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El Forum

[eluser]Unknown[/eluser]
I'm working on my first CI application (my first MVC app as well). My natural instinct is to keep my controllers as simple as possible and put most of the processing in my models, this includes form processing and validation.

So my controller method for a simple CRUD add form looks like this:

Code:
public function add()
    {
        if ($this->input->post('submit'))
        {
           if ($this->assignments_model->add_assignment())
            {
                redirect('assignments');
            }
            else
            {
                $this->load->view('assignments/add_view');
            }
        }
        else
        {
            $this->load->view('assignments/add_view');
        }
    }

The model methods look like this:

Code:
function add_assignment()
    {
        if ($this->validate_form())
        {
            $this->construct_from_form ();
            $this->created  = date ('c', now());

            $this->db->insert('assignments', $this);
            return TRUE;
        }
        
        return FALSE;
    }

function construct_from_form ()
    {
        $this->name = $this->input->post('name');
        $this->description = $this->input->post('description');
        $this->due_date = shortdate_to_mysql($this->input->post('due_date'));
        $this->points = $this->input->post('points');
        $this->maxfiles = $this->input->post('max');
        $this->replace = $this->input->post('replace');
    }

function validate_form ()
    {
        $this->form_validation->set_rules('name', 'assignment name', 'trim|required|max_length[40]');
        $this->form_validation->set_rules('max', 'max files', 'trim|integer');
        $this->form_validation->set_rules('points', 'points', 'trim|integer');
        $this->form_validation->set_rules('replace', 'replace', '');
        $this->form_validation->set_rules('description', 'description', 'max_length[400]');
        $this->form_validation->set_rules('due_date', 'due date', 'trim');

        return $this->form_validation->run();
    }

This all works fine, but it seems like I see most of the form processing and validation done in the controller in the tutorials I've seen (including some of the examples in the user guide).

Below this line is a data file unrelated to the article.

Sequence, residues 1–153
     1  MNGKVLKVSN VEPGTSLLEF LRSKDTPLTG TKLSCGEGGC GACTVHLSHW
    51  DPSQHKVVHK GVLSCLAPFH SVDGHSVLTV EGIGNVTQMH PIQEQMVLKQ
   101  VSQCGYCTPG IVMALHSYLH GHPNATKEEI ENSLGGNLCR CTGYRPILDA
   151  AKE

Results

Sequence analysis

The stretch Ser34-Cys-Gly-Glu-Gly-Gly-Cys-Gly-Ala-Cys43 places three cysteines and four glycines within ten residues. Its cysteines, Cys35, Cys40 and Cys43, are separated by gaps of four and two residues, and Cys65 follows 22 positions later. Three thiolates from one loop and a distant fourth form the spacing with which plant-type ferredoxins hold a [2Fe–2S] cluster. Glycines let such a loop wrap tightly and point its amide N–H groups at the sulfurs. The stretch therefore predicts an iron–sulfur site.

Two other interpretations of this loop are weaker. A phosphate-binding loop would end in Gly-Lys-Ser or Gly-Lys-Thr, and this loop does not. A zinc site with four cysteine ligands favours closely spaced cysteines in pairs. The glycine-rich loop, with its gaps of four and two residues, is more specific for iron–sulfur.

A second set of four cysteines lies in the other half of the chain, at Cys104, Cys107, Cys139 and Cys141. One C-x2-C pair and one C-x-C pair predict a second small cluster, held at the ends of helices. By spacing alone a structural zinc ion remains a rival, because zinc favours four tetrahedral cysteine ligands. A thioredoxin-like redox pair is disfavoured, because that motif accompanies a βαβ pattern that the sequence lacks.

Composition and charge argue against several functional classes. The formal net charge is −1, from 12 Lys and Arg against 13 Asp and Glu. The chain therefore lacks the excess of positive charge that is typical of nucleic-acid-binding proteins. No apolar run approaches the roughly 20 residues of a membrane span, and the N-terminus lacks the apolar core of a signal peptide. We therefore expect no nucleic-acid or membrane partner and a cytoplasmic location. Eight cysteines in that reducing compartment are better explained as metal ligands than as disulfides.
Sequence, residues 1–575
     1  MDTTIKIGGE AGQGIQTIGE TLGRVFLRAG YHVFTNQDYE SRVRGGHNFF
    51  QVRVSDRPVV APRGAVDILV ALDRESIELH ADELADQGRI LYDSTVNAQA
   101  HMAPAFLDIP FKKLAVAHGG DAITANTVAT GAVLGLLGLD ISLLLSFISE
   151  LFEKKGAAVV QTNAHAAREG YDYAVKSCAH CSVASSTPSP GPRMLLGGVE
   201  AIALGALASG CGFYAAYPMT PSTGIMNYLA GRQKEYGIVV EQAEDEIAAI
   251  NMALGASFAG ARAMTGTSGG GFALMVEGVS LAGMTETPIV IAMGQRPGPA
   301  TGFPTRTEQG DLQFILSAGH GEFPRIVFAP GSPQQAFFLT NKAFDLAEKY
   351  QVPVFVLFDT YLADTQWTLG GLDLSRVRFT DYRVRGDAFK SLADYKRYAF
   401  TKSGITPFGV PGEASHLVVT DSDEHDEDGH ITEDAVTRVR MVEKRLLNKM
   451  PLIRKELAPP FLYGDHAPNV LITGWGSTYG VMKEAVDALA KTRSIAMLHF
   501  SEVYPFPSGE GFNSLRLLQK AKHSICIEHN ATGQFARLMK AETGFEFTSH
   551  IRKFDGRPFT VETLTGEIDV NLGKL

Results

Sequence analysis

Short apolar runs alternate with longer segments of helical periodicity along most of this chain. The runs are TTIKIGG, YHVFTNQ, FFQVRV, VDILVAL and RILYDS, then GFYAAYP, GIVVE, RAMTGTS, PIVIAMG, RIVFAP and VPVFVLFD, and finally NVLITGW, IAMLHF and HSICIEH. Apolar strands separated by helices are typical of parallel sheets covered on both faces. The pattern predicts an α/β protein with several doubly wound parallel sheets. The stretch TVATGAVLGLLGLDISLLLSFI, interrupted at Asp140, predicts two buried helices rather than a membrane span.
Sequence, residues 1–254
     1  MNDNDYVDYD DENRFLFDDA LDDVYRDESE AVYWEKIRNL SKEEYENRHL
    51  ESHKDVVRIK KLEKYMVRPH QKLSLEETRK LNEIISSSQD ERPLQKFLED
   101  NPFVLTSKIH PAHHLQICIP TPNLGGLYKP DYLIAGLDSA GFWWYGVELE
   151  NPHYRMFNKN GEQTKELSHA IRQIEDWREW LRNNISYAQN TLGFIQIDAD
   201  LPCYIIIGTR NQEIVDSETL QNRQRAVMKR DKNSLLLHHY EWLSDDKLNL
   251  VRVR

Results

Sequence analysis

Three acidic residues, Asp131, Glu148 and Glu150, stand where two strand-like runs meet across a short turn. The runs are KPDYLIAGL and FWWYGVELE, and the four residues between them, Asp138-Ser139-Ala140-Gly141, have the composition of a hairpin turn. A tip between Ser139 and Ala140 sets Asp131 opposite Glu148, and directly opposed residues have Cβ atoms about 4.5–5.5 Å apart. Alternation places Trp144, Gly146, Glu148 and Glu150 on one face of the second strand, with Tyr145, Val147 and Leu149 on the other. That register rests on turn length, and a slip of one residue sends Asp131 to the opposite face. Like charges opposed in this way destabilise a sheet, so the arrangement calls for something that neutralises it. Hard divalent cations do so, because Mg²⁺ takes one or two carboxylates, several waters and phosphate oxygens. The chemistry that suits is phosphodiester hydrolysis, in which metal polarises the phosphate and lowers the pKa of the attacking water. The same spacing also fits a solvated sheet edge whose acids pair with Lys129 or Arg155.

So my question is, am I breaking MVC best practice techniques with this approach? Is this an inefficient or ugly solution?

Appreciate any input, thanks.

El Forum

[eluser]John_Betong_002[/eluser]
As far as I know there are different schools of thought and some interesting blogs available.

I have adopted the practise of treating the model as if written by a third-party vendor.

The model function returns a result depending on the information provided.

The controller acts upon the returned result and chooses a particular direction.

From bitter experience I am finding that it is best to have multiple models because as the project matures the model soon becomes difficult to manage.
 
 
 

El Forum

[eluser]InsiteFX[/eluser]
I do all my forms in a library with its own view! This way I do not have to keep re-writing my forms
once they are finished and debugged I add them to my forms library.

But there are all kinds of different ways of doing it!

I like to think Re-useable Code!

InsiteFX

El Forum

[eluser]jppi_Stu[/eluser]
I'm not exactly an M-V-C guru, but at the conceptual level, if you look at the model as being just a data model, it's not the place for anything related to the user experience, including interactive views (forms) and non-interactive views (reports/pages). The view handles the actual user interface, but only based on what the controller has instructed. The controller is in control; it requests things from the model or sends things to the model for storage, handles whatever processing is needed, and provides instruction to the view for what to display to the user.

Just as I would not use a stored procedure in SQL to handle a data entry form in a stand-alone application, I would not put form processing in a CI Model. The model would not be involved until the controller had taken care of everything other than storing the data. Only then would the controller pass the data off to the model to be stored.

Of course CI is flexible in that there are multiple ways of doing things, but you were asking for best practices, and I think treating the model as just an interface to the back-end data is the conceptually correct approach. Form validation is processing user input, before we can even know if the data is worth storing, so it's none of the model's business, so to speak.

I think this abstraction serves code reuse. If you make the model do form validation, you're tying a method of the model object to that form (or set of equal forms). If you add a different form, you have to create a new method to handle it. This means you're changing the model to match changes in the UI, which is a bad road to be on -- it can lead to more duplication, regression, etc. If it's abstracted to just handle data, you can design the object interface to be reusable by many different forms, pages, etc. without ongoing changes to the model. Once properly defined, the model should only be changed if the back-end data is changed.

That's my take on it, FWIW...